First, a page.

The Regeneration Of A Company’s Leadership Can’t Be Done Recklessly
“In Family business, The first generation found the company and has the drive and the dedication to move it forward. The second-generation rides the wave. It’s the third generation that presents big problems. Usually, people of the third generation want to lead the company with their own methods and rules. They’ve seen Broadway; they possess all the benefits” (Gale Petronis). Regeneration in family companies has more severe challenges compared to public companies. In public companies, the choice for leadership regeneration is broader, it can be chosen from internal or external. However in the family company, the children of the founder are the first choice (mandatory), so the founder has a challenge in educating his next generation to hold the baton of leadership. Meanwhile, the same thing might not happen with Camargo Correa, due there are no rumors that indicate that Mr. Hallack can inherit his position to his family members or relatives.
Several years ago I was invited to discuss with a senior businessman about the survival of the company in the hands of the next generation. We discuss the differences in age conditions that he encounters between companies in Japan and companies in other countries.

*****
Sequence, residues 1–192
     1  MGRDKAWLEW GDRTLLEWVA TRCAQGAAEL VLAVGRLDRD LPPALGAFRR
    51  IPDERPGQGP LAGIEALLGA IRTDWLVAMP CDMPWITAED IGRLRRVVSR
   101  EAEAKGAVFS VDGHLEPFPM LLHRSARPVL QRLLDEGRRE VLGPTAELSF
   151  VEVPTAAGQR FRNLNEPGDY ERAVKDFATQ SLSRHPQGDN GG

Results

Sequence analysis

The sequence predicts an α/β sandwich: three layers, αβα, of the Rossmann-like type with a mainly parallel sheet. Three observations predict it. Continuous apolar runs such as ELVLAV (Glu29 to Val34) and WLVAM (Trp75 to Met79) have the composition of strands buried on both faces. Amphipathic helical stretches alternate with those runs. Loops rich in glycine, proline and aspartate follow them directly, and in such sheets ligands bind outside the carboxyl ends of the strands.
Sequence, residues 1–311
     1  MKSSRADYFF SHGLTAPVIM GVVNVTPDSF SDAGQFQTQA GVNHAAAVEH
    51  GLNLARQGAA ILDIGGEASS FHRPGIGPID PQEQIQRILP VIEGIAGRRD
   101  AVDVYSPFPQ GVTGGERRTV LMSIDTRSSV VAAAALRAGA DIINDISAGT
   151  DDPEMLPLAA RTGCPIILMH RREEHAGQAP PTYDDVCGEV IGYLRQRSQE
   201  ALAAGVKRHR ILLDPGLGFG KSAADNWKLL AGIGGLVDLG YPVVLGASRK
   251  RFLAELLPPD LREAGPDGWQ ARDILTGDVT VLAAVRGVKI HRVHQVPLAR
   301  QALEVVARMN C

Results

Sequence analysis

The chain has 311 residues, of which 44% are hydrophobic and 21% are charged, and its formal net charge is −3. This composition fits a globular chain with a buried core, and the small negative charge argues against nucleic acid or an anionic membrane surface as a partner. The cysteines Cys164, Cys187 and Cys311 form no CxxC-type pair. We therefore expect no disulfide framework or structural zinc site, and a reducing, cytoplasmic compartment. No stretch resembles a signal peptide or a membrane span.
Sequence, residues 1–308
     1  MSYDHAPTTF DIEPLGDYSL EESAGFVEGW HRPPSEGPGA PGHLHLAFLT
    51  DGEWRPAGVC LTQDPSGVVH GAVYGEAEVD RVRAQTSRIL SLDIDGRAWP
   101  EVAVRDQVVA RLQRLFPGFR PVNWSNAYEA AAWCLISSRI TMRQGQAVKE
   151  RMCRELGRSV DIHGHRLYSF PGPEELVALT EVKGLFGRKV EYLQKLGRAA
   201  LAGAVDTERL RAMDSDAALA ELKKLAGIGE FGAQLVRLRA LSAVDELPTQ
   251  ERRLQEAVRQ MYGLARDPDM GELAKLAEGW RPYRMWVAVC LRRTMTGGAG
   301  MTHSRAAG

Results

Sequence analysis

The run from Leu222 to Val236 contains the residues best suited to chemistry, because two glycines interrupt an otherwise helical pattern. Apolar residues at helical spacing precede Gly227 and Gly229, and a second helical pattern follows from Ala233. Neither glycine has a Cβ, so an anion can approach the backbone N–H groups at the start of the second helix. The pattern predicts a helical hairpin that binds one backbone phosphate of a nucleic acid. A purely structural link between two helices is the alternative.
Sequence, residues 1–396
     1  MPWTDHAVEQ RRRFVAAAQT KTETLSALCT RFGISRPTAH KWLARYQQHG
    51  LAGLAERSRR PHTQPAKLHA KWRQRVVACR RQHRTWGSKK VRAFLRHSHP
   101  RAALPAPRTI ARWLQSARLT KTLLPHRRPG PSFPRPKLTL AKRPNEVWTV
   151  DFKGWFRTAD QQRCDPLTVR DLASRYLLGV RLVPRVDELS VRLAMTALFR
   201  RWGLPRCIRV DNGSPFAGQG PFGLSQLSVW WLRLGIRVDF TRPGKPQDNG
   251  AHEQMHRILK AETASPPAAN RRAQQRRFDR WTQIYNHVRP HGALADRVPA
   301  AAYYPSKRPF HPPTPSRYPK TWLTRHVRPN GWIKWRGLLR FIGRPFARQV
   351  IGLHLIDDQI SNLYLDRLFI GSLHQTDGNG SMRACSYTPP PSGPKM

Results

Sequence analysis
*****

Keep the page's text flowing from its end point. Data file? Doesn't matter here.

According to him, companies in Japan, in general, have a long life until the hands of several generations of successors, while in developing countries, generally only survive in the hands of the second generation, after that many experienced a fall in the hands of the next generation.
In Japan, before the next generation is given the company leadership baton, it is first formed from the ground up as a staff, transferred from one department to another, then promoted from Supervisors, Managers, GMs to Directors, and then the President Director.
Meanwhile, according to his observations, in developing countries, parents of business owners do not carry out regeneration of the next generation from below.
Many after their children come home from study abroad, immediately placed as a Director and even the President Director. As a result, due to a lack of understanding of the company’s operations, coupled with the spirit of bringing knowledge learned from abroad, the resulting policies are often inappropriate or not suitable for the conditions in the parent company.